Tax Beef to Curb Massive Pollution From Cattle Farms

Target: Dan Rayfield, Speaker of the Oregon House of Representatives

Goal: Tax all beef sales in the state of Oregon to reduce harmful methane pollution.

Beef is a 90 million dollar industry in Oregon, where there is no sales tax. Meanwhile, a hellscape of wildfires is causing Oregon’s already disproportionate homeless population to grow, highlighting the need for more funding. Shady forests get chopped down for sunny grazing pasture, and as the climate grows ever hotter, more trees burn. The beef industry isn’t helping: cattle emit more warming methane than the amount of carbon they allegedly store in grazed soil. According to the U.N., 14% of the world’s greenhouse gasses come from meat and dairy production. And although the production of beef uses 83% of America’s farmland, it provides only 18% of our calories: a wasteful trade!

Even a 20% reduction in beef consumption would lower greenhouse gas production as much as driving only electric cars. If we were to tax beef sales in Oregon, we would alert consumers to the problems that cattle ranching exacerbates. The money could be used to plant trees for carbon sequestration and forest regeneration, or to help wildfire refugees, and even help livestock farmers change into vegetable farmers. Polluted water needs purification, and wild horses and other displaced wildlife need sanctuaries. Cows need sanctuaries too, to live out their natural 25 years rather than being slaughtered by the age of two. Please sign the petition to demand a tax on beef.


Dear Speaker Rayfield,

Oregon has no sales tax, and beef is a 90 million dollar industry. Grass-fed cattle production is believed to be sustainable, however, one pound of beef still creates a hundred times more greenhouse gas emissions than a pound of beans. Cow burps, farts and manure create over a third of the methane in the U.S., by EPA estimates, driving temperatures up to drought conditions. Meanwhile, wildfires are now eating up Oregon’s land and smoking the skies.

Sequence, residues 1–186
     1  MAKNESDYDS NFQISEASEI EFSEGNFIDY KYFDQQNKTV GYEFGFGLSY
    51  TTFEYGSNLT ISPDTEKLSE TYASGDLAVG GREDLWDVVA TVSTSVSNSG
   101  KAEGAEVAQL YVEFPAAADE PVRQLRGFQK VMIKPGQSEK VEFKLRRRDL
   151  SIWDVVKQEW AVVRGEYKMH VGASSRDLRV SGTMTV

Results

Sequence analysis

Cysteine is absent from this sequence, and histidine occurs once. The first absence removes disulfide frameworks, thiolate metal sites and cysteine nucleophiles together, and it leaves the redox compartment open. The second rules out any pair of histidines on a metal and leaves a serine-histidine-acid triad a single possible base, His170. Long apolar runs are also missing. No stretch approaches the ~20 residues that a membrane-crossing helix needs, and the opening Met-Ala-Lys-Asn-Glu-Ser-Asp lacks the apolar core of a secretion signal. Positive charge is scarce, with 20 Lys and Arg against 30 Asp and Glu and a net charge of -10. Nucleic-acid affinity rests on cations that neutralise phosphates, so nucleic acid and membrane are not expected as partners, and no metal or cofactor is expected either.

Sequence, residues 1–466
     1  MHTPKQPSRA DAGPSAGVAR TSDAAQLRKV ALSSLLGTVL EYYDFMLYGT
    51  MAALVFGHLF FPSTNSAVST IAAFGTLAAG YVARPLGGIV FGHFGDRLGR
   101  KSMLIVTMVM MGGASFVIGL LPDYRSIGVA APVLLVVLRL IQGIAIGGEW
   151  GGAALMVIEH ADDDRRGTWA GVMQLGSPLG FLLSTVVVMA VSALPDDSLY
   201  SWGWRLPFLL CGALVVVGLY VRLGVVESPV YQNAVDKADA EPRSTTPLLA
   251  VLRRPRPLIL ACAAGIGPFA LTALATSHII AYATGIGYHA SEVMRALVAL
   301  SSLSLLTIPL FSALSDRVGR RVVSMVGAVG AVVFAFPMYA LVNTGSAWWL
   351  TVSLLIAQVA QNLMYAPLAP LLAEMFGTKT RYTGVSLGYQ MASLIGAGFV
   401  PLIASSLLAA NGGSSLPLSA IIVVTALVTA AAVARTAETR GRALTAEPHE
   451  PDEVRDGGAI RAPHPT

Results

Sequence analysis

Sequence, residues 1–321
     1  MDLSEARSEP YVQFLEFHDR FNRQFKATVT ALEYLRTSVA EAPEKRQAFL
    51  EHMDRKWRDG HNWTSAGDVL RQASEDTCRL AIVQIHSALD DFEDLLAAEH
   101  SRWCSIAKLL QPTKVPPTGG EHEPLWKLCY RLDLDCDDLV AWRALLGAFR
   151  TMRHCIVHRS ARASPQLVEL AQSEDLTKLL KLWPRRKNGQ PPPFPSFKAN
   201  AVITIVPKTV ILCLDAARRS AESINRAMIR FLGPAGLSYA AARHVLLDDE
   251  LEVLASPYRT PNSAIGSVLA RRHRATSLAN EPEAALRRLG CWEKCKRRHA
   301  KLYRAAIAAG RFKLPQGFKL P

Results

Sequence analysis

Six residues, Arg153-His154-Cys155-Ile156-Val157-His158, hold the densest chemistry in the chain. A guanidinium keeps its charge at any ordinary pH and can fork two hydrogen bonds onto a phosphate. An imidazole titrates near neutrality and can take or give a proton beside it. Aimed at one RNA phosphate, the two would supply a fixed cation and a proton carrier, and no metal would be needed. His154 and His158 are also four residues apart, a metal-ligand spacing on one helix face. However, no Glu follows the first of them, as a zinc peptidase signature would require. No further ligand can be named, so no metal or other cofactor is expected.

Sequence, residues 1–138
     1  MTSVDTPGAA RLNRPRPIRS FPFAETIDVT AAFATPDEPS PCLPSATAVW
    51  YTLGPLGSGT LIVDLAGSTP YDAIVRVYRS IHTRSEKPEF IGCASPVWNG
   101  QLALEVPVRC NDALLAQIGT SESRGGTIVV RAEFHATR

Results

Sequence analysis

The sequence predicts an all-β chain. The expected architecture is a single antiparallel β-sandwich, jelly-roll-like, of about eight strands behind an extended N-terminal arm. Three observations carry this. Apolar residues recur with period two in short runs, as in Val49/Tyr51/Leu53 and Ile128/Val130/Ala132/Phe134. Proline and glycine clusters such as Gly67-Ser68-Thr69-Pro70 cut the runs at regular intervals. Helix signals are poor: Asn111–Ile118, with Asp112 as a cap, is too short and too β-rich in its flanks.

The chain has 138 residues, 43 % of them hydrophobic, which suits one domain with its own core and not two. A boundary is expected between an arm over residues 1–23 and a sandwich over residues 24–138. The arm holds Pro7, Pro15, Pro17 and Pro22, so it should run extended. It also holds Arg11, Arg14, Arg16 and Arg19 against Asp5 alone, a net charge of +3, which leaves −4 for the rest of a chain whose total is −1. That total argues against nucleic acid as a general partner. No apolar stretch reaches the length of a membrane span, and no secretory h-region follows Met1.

Producing beef takes four times more water than plant proteins. Nearly half of all water consumption in the U.S. goes to grow grain to feed cattle– which then pollute the rest of the water. And grass-fed cattle are not immune. In fact, since they live longer to make it to market weight, a grass-fed cow uses 35% more water than a conventionally fed cow. They’ll also take up 30% more land in grazing. Beef is an extremely inefficient food source, providing just 18% of America’s calories, while using 83% of our farmland.

Here are some suggestions of what the tax proceeds could be used for:

1. tree planting, to regenerate forests and sequester carbon

2. relief for people who have lost their homes in wildfires

3. help livestock farmers transition into vegetable farming. The Dairy Farm Transition program by Miyoko is excellent.

4. water and air purification from manure

5. sanctuaries for wild horses and other displaced wild animals

6. sanctuaries for surviving cows, who would naturally live 20 years or more instead of being butchered by age two.

Consumers of animal products should grasp the connection and contribute to mending the environmental disasters they’ve helped cause. If each Oregonian reduced beef consumption by just 20%, greenhouse gas emissions could lower as much as if all our automobiles were electric. Please push for a tax on all beef products in the state of Oregon.


[Your Name Here]

Photo credit: Kim Hansen

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